Operational optimisation is nothing new. As far back as the 1960s companies were using machines and data to streamline various processes. But the world has moved on since the days of paper-based systems, early computers and the emergence of manufacturing resource planning and enterprise resource planning systems.
Now the cloud and the internet allow us to stream vast quantities of data instantly, from and to any global location, and not just from computers and machines connected to the internet of things, but from external sources, for example, weather patterns that facilitate more accurate forecasting. Add to this the global connectivity that now exists on an unprecedented scale, driven by 5G networks, which achieve speeds much faster than the internet of even five years ago.
Combined, massive data and hyper-connectivity enable systems within an organisation to not only make better decisions, but to automate them, setting the scene for intelligent automation or digital operational optimisation.
At IFS we are embedding machine-learning, robotic process automation (RPA) and operational optimisation within our application to enable the automation of more processes and to allow those processes to make more sense of what we do. For example, we are helping food companies to better predict what they will actually achieve in terms of accuracy and forecasting, seeing outcomes of a 13 per cent or more improvement over their current forecasts.
The real game-changer in operational optimisation will be the ability to digitally duplicate the entire business operations, creating a digital twin
Operational optimisation can be applied to any process, not just the manufacturing processes of making things, but within every aspect of an organisation’s operational ecosystem, from business planning to the way you serve your customers.
A good example of this is Jotun, a coatings manufacturer headquartered in Norway, whose biggest market is the coating of ship’s hulls. The company installs software on the vessel to measure its performance by tracking relative changes in the relationship between the power delivered to the propeller and speed through water over time. Knowing exactly when the ship needs to be taken out of service to be painted is critical and Jotun has optimised this process to deliver a much more efficient performance per cost, a major win-win for the company and its customers.
The business world needs to accept that this is the way forward, yet a study by IDC1 found 47 per cent of manufacturing companies are not embracing any of this technology, which is difficult to understand. MIT research2 has shown business that do adapt to a digital world will be 26 per cent more profitable and deliver 9 per cent greater revenue, which is what operational optimisation is all about. An IDC survey3 revealed that simply by using our solution, IFS customers across the board achieved an 18 per cent net productivity increase. That is hugely significant.
We have the tools and the capability to optimise our business operations like never before and there is no logical reason for not embracing these to improve revenues, reduce costs and create a competitive advantage.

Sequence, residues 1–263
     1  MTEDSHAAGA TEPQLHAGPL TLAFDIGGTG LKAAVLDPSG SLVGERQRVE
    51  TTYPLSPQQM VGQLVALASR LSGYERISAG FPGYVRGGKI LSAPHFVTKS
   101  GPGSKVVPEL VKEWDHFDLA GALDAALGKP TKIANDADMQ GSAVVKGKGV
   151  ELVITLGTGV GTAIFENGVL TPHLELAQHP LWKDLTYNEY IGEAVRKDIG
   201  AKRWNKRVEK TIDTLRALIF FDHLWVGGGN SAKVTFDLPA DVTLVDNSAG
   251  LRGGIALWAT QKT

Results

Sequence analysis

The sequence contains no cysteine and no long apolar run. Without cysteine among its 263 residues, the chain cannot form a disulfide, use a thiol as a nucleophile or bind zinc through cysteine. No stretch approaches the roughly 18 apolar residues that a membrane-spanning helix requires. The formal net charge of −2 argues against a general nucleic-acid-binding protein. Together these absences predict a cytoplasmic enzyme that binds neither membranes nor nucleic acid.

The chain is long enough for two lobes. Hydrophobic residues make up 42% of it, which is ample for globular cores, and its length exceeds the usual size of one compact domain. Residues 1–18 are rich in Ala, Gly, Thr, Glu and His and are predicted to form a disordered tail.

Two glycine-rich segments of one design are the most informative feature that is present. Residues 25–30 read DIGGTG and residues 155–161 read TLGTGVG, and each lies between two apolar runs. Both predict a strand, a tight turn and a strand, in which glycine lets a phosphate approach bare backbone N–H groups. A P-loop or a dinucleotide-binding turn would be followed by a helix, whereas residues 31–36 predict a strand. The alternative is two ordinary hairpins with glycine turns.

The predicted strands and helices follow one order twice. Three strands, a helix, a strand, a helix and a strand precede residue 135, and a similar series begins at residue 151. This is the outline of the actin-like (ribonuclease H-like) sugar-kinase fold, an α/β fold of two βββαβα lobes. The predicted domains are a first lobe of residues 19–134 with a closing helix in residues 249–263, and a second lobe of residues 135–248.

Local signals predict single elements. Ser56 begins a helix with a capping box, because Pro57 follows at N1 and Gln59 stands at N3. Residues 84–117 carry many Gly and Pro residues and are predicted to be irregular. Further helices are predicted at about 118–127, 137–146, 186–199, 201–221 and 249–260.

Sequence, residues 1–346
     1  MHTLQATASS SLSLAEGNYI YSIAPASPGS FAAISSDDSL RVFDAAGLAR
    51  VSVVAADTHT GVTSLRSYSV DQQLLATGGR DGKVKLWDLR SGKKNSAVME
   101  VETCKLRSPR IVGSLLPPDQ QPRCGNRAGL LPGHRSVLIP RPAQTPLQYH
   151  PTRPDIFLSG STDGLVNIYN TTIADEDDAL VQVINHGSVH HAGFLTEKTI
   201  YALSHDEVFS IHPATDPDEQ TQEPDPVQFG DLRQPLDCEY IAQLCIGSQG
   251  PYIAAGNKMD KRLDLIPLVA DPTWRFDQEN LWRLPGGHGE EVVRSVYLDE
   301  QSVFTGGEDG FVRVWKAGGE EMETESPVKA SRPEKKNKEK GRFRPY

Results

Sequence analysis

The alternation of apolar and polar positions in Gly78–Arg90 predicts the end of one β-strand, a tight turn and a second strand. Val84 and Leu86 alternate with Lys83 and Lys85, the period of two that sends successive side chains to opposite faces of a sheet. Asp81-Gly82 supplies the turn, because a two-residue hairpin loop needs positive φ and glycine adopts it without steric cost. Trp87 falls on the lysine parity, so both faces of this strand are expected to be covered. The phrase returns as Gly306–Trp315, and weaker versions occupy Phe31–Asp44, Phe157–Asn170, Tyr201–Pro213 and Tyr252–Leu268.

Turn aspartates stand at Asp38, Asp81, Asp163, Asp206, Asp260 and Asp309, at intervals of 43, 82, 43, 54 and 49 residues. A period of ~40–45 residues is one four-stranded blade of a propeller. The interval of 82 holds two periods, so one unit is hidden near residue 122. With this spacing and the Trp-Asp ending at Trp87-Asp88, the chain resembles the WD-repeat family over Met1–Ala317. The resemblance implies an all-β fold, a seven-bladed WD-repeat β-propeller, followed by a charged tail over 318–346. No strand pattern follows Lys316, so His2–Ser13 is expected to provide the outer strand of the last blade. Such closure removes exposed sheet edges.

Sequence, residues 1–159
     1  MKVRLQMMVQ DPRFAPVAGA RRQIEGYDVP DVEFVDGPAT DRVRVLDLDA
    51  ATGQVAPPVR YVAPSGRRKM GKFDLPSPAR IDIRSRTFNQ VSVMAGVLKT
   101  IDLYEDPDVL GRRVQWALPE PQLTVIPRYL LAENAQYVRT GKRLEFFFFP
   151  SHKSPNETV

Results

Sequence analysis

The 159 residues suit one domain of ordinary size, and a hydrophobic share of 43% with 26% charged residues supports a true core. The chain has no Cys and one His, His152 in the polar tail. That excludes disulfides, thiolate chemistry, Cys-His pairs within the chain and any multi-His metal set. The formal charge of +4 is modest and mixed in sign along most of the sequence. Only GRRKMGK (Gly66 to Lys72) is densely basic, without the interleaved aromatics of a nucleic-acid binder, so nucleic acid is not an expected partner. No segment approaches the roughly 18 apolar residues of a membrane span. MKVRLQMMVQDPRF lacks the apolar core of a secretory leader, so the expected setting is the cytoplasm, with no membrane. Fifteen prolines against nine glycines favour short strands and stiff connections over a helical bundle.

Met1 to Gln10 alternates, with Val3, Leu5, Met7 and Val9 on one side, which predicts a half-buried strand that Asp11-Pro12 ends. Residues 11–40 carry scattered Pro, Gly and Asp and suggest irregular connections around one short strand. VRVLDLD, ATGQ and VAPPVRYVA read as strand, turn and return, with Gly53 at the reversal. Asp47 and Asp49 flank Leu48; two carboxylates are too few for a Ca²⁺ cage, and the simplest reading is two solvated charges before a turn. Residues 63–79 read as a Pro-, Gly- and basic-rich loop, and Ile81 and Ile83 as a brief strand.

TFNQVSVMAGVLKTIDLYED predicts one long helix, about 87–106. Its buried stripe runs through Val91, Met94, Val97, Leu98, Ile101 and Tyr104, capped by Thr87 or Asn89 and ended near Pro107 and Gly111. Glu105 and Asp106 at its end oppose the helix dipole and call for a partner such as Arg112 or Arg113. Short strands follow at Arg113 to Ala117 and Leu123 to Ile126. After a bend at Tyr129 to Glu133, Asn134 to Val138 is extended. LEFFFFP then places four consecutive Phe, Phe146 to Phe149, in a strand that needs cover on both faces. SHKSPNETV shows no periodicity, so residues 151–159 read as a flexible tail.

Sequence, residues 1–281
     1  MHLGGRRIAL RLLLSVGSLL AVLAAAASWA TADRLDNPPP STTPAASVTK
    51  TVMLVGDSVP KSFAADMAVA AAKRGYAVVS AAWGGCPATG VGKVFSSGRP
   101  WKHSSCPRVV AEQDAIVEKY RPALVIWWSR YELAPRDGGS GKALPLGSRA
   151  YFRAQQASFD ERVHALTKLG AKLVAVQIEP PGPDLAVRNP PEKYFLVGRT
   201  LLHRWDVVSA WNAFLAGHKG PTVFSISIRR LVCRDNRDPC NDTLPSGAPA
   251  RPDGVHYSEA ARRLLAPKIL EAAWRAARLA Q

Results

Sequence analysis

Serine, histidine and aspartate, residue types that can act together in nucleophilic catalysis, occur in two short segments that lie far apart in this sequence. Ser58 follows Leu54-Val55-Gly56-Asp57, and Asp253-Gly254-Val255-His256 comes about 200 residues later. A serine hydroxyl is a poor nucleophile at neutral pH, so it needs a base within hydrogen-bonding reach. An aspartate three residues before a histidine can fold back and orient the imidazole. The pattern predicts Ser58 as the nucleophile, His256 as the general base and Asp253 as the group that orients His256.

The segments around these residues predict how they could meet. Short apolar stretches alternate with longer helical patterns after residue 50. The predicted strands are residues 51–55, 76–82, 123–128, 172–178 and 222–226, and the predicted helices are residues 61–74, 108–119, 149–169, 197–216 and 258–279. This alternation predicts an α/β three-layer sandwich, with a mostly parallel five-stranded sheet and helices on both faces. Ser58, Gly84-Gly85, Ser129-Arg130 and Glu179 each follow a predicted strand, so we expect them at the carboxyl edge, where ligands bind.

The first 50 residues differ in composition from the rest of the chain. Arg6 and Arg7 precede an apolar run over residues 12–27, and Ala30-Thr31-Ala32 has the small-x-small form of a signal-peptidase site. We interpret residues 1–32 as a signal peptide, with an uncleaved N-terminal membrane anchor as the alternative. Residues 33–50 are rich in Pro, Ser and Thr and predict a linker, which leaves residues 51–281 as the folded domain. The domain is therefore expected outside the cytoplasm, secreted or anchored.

Some companies have concerns about the costs of investing in these technologies, even though heightened connectivity and readily available high volumes of data have made many of these digital optimisation solutions more affordable.
There are other more important business cases for adopting digital operational optimisation. Issues such as climate change, carbon reduction, sustainability, transparency and traceability sit right at the top of the business agenda and are integral to the entire operational structure.
If you don’t demonstrate these things from a tangible operational point of view, by implementing digital optimisation technology, you will find it harder to secure investment and attract talent, let alone trade your products in markets where sustainability targets apply. If you are not continually trying to optimise what you are doing as a business, you will be overtaken by others who are. And as this technology evolves, the gap between adopters and non-adopters will only widen.
We have some amazing technology underpinning operational optimisation, including 3D printing, co-bots, smaller more flexible robotics working alongside humans and nanotechnology that can track materials using near-field communication networks to sense products automatically, dispensing with the need for barcodes. We are also seeing hyper-automation, where all RPAs are connected, with amazing results.
However, the real game-changer in operational optimisation will be the ability to digitally duplicate the entire business operations, creating a digital twin, and that is just around the corner. A food company, for example, could model the following week’s production schedule. They have the costs of the raw materials, the costs of the manufacturing process and can model the variables, such as a sudden spell of warm weather or potential transport disruptions, to see the impact on output, staffing and the balance sheet.
We are optimally automating all processes and connecting them now. The ability to model the whole business accurately, not just today, but several days ahead, is in effect optimising in the future and the reality of that is not very far away.
For more information please visit www.ifs.com